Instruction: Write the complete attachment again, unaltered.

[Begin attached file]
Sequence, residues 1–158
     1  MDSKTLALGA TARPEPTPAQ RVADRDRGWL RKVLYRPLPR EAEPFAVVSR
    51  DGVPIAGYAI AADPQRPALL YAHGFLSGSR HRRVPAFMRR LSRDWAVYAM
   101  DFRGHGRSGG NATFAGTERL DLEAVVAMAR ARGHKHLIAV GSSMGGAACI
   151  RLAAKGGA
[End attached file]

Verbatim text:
Sequence, residues 1–158
     1  MDSKTLALGA TARPEPTPAQ RVADRDRGWL RKVLYRPLPR EAEPFAVVSR
    51  DGVPIAGYAI AADPQRPALL YAHGFLSGSR HRRVPAFMRR LSRDWAVYAM
   101  DFRGHGRSGG NATFAGTERL DLEAVVAMAR ARGHKHLIAV GSSMGGAACI
   151  RLAAKGGA